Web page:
Chemical antibody measurements in chemically exposed patients recently became commercially available. Appropriate immunological procedures were originally developed by Dr. Wojdani and used in patients of the senior author (Thrasher et al., 1987). The original procedures were then expanded by Dr. Wojdani to include additional chemicals (this paper) and adopted and verified by another laboratory (Antibody Assay Laboratories) where additional research was done and published (Thrasher et al., 1989; Thrasher et al., 1990).

At this time, it should be noted that benzene is not per se antigenic. However, our data suggests that some chemical compounds containing the benzene ring are antigenic. Further studies are needed to determine which of these compounds cause antibody formation.

Our data suggest that chemical exposure eau push some patients in the direction of autoimmune disease. Multiple sclerosis is an example. A number of our patients are suspected of having that disease on the basis of not only their clinical presentation but also abnormal MRI and evoked response studies together with high anti-myelin antibodies. This was previously discussed (Gard and Heuser, 1990).

Studies other than immune tests should also be done in a longitudinal fashion. Cost containment, a lack of research funding and other factors made this impossible in our patient population. However, PFT were at times studied immediately after exposure and became abnormal. It is possible that some neurological parameters (EEG, BEAM, and SPECT) may also show some significant changes.

While we have come to expect a high percentage of abnormal immune function tests, we were surprised at the high percentage of abnormal neurological tests. This indicates that the "psychiatric" presentation by many of these patients may well have a neurological basis.

The high number of abnormal test results in our patient population is probably explained by the fact that many patients were disabled with MCS and therefore quite sick.

Our EEG and SPECT studies point toward the limbic system as being involved in MCS. This system's possible role is aptly discussed in this conference by Dr. Miller. It, together with the role of the olfactory system deserves further study (also see Dr. Bell's presentation at this conference). Early studies by Russian authors (Bokina et al., 1976) pointed in this same direction.

While EEG studies showed mostly mild abnormalities in the temporal and adjacent leads (see results), our youngest patients (sister and brother, ages two and four respectively) developed actual clinical seizures with grossly abnormal EEGs about three weeks after moving into a new home and playing on the brand new carpet. For several months thereafter the mother observed MCS in both her children. Seizures and MCS slowly abated after the family moved out of the new home.

Diagnostic criteria for MCS. The diagnosis of MCS should be suspected if a patient reports impaired well-being whenever exposed to more than one chemical in concentrations which do not effect the general population. In the extreme, the concentrations are very low and the patient is very sick and claims disability.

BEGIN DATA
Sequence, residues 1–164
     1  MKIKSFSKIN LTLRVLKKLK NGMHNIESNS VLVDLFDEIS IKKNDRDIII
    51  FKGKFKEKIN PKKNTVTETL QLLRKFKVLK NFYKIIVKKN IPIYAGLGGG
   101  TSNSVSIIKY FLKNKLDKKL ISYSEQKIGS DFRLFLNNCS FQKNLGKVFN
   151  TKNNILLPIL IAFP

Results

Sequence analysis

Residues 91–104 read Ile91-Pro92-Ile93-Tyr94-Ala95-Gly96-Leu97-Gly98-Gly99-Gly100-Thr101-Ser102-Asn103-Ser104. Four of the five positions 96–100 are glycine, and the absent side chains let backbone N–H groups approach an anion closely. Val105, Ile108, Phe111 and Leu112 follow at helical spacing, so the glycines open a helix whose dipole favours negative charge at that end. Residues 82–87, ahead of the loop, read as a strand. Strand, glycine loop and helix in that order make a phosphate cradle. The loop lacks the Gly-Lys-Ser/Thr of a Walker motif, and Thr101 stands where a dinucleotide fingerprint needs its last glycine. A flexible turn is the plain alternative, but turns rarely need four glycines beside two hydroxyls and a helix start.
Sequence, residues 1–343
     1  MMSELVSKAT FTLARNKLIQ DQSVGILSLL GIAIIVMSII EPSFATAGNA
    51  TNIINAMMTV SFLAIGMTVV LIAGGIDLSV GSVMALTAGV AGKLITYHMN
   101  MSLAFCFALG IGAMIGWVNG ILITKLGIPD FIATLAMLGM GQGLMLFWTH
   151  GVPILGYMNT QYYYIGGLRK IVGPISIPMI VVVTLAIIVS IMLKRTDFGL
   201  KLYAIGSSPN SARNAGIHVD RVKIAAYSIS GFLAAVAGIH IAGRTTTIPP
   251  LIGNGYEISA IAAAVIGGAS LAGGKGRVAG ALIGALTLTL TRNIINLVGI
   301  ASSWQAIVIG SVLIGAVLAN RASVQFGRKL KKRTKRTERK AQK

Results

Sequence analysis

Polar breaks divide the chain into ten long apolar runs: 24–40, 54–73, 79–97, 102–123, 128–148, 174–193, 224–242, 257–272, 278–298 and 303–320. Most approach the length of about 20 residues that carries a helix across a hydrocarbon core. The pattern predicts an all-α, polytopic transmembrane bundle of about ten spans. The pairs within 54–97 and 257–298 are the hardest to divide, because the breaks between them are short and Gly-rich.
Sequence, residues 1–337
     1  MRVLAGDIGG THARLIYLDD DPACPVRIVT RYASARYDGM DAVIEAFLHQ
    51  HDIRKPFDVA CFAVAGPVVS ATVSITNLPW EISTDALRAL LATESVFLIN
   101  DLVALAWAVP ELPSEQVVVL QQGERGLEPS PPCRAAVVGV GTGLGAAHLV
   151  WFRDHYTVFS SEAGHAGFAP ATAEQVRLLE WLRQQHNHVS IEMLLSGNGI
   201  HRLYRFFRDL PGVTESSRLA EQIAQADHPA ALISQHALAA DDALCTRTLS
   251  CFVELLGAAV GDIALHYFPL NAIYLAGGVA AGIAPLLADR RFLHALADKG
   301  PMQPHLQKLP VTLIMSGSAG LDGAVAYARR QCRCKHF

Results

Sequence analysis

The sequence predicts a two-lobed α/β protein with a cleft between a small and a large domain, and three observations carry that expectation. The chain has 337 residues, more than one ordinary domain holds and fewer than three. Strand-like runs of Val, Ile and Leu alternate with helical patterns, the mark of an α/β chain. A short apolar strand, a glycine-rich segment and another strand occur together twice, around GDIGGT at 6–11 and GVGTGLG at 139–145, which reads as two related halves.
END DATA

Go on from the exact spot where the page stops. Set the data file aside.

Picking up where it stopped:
A comprehensive evaluation of seven systems should then be undertaken. It should be understood that not all seven systems (central nervous system, peripheral nervous system, nose and sinuses, PFT, T-cells subsets, chemical antibodies, autoimmune panel) are always affected. However, we suggest that abnormalities in four out of these seven systems strengthen the suspicion of MCS. If parameters become abnormal or become more abnormal following self-reported acute exposure, the diagnosis is basically confirmed. Studies in environmentally controlled chambers will be necessary to further advance the field.

The suggestion to use four out of seven criteria is taken from the diagnostic criteria for systemic lupus erythematosus (SLE), where four out of eleven criteria have to be present to make the diagnosis (see table XVIII). It should be noted that psychiatric features are seen in a significant number of patients with SLE. Thus, the same should not be unexpected in patients with MCS.


Patients who present with complaints of MCS deserve a comprehensive objective evaluation. If this is performed, a high percentage will be shown to have abnormal test results. This is true if the central and peripheral nervous systems as well as pulmonary and immune functions are tested. Also, anatomical changes are frequently found in the nasal passages on close inspection. By contrast, CBC and blood chemistry are usually within normal limits. So are findings on general physical examination.

Whenever possible, longitudinal studies should be performed in which the patient is used as his/her own control. Increases in TA1 cells and chemical antibodies can then be seen following self-reported unintentional exposure and are therefore suggested as markers of MCS.

Our results suggest diagnostic criteria for MCS. These are sorely needed as the number of patients who claim disability as a result of MCS is growing. Millions of dollars are potentially at stake as claims increase. Patients who are truly sick deserve attention and help from industry, housing authorities and government agencies as well as physicians. Patients who make unjustified claims should be quickly identified.

Patients and industry and government are all in need of a practical approach to the diagnosis of MCS. We believe that our findings are pointing the way to such an approach.

Acknowledgements: We thank Dr. D. Alessi for ENT evaluations, Dr. R. Holgate (neuroradiology) for evaluation of MRI brain scans, Dr. R. Lawrence (neurology) for interpreting the neurometer studies and Dr. I. Mena (nuclear medicine) for evaluation of SPECT brain scans .